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Philippines trade deficit largest in 3 months

Staff writer |
Philippines reported a trade deficit of $2.28 billion in April of 2016, larger than a 0.62 billion gap a year earlier. It was the largest deficit since February as exports fell while imports jumped.

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Year-on-year, sales declined by 4.1 percent to $4.25 billion, following a 15.1 percent fall in March.

It was the 13rd straight month of decline, driven by lower sales of articles of apparel and clothing accessories (-39.1 percent), chemicals (-9.0 percent) and machinery and transport equipment (-0.9 percent).

In contrast, exports rose for: miscellaneous manufactured articles (+50.2 percent), woodcrafts and furniture (+21.9 percent) and electronic equipments (+19.4 percent). Exports of electronic products, the country's top export revenues, also increased by 1.9 percent.

Sales fell to the US (-0.8 percent to $704.64 million), China (-15.1 percent to $416.08 million) and Hong Kong (-0.4 percent to $472.01 million).

In contrast, shipments rose to Japan (+3.2 percent to $850.72 million), Singapore (+27.3 percent to $349.47 million), the ASEAN countries (+16.7 percent to $719.28 million) and the EU countries (+3.1 percent to $535.22 million).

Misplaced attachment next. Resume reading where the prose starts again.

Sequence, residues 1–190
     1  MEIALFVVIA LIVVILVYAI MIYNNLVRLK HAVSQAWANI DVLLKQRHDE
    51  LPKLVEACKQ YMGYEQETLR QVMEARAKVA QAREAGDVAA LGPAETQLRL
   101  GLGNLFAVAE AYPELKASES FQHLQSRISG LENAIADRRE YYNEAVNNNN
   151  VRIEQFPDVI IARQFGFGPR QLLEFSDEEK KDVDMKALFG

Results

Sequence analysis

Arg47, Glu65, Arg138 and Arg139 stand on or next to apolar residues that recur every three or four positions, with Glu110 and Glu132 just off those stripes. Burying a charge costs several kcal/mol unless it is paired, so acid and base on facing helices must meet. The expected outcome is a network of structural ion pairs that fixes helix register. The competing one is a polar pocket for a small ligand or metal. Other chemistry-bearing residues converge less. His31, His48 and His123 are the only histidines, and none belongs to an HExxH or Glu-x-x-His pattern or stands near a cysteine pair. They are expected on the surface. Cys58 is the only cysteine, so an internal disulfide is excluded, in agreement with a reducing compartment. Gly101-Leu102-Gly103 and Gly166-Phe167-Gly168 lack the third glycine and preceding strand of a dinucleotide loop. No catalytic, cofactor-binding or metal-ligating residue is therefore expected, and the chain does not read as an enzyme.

Imports jumped by 29.2 percent to $6.53 billion, the highest value since February, following a 11.7 percent growth in March while market expected a 20 percent gain. Purchases increased the most for metal products (+91.0 percent), industrial machinery & equipment (+73.9 percent) and telecommunication equipment and electrical machinery (+72.8 percent).

Imports also went up for: electronic products (+69.9 percent), iron and steel (+62.9 percent), miscellaneous manufactured articles (+34.2 percent), plastics in primary and non-primary forms (+31.0 percent), transport equipment (+25.4 percent) and other food and live animals (+7.5 percent).

In contrast, inbound shipment fell by 10.9 percent for mineral fuels, lubricants and related materials.

Purchases from China, the biggest source of purchases for Philippines, rose 68.8 percent year-on-year to $1.30 billion. Those from Japan also increased by 116.2 percent to $748.68 million, followed by the US (+25.9 percent to $556.93.51 million), Thailand (+63.8 percent to $485.47 million) and the ASEAN countries (+17.3 percent to $1.67 billion).

In contrast, inbound shipments dropped to Singapore (-1.2 percent to $430.04 million) and the EU countries (-7.0 percent to $575.79 million).

In March 2016, trade deficit was registered at $1.75 billion.


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